Intriguing ‘Nope’ theory gets straight-up biblical

Steven Yeun as Ricky "Jupe" Park, Nope (2022)
Image via Universal Pictures

Warning: Spoilers for Nope to follow.

The trajectory of Jordan Peele‘s career is infinitely fascinating; we live in an age where one of the horror genre’s most respected maverick was originally best known for his involvement in internet sketch comedy; indeed, where his original claim to fame was one half of the Key & Peele duo, he’s now known for his triple threat of modern horror greats Get Out, Us, and Nope.

But for those that are extra familiar with Peele’s latest works, they’ll know that they go far beyond the scares; with Us and Nope especially, Jordan Peele makes a strong case to be crowned as the master of motifs, the superstar of symbolism, and the emperor of the esoteric, packing his films with enough thematic weight to satisfy even the most astute audiences.

And one such member of that audience has reaped the dizzying, biblical rewards of the keen eye they utilized in their viewings of Nope, generously sharing them with the denizens of r/FanTheories.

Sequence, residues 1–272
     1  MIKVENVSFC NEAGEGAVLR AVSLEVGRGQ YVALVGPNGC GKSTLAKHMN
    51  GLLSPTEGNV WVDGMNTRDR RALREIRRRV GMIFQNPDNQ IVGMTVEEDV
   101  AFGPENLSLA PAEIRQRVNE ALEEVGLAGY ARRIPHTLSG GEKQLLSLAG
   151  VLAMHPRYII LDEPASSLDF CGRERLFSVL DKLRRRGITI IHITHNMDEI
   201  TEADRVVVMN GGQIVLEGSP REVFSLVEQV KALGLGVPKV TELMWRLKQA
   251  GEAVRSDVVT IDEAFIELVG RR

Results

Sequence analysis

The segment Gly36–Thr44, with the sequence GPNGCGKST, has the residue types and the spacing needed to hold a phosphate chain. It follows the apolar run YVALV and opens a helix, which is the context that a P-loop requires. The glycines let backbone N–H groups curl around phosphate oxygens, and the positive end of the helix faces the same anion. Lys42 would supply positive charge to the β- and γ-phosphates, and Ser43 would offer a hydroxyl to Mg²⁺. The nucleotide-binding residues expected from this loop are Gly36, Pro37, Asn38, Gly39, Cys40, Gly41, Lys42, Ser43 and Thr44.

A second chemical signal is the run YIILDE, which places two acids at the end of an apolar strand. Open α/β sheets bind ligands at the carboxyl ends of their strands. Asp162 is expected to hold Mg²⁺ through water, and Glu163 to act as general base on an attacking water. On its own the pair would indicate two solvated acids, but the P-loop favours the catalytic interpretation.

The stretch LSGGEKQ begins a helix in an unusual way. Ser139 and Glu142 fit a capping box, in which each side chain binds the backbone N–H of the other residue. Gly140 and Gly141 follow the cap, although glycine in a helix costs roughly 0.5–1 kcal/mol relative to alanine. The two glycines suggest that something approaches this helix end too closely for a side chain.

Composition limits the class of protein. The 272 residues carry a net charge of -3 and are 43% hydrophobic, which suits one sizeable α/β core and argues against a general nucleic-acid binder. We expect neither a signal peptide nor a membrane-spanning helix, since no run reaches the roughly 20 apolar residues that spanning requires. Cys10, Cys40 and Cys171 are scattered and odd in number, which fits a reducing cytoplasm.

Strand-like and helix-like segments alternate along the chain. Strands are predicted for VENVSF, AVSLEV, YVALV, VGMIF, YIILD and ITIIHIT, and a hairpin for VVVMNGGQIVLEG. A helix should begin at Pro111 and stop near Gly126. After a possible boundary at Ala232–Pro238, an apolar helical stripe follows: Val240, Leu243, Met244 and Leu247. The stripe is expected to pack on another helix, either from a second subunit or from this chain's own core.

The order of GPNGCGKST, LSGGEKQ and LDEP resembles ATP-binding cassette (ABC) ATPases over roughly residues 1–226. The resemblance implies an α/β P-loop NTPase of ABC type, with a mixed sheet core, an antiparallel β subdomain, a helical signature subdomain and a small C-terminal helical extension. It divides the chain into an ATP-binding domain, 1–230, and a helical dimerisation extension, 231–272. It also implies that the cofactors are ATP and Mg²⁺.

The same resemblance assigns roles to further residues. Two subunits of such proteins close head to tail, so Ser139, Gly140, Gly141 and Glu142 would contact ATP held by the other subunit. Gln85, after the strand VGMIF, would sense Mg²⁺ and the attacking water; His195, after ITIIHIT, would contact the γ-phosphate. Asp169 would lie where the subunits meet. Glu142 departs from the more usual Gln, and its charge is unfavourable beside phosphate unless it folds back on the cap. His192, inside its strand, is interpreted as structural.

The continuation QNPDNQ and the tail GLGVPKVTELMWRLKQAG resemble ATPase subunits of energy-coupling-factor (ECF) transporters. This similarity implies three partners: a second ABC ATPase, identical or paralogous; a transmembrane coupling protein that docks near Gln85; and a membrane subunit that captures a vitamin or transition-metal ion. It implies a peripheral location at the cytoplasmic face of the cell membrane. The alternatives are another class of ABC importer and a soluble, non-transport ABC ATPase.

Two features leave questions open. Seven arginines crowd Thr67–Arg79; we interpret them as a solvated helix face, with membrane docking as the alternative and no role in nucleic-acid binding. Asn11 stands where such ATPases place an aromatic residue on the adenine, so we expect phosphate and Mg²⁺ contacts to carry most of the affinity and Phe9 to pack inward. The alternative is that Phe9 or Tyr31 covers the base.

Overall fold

The above link will take you directly to the entire fan theory, which breaks down the film’s biblical themes with shrewd depth. Their conclusions entail Jean Jacket being an angel sent by God to signify the end times, which they arrived at by comparing their reading of Revelations 6:13 in the King James Bible with the film’s many nuances.

This sparked an engaging discussion in the comments, with one responder adding onto the original poster’s point regarding the Four Horsemen of the Apocalypse; a theme that can readily be captured through the film’s many horses/horse imagery.

Another user was more reluctant to accept the direct legitimacy of Christian motifs, but in turn suggested that such takes actually fed into another, equally curious take.

And this post was all one other user needed to get them back on the Peele train.

Indeed, Peele’s films, love them or hate them, seem always to pull their weight in the realm of starting discussions, and it will be interesting to see if the writer-director can manage to crank his thematic engine any higher the next time around.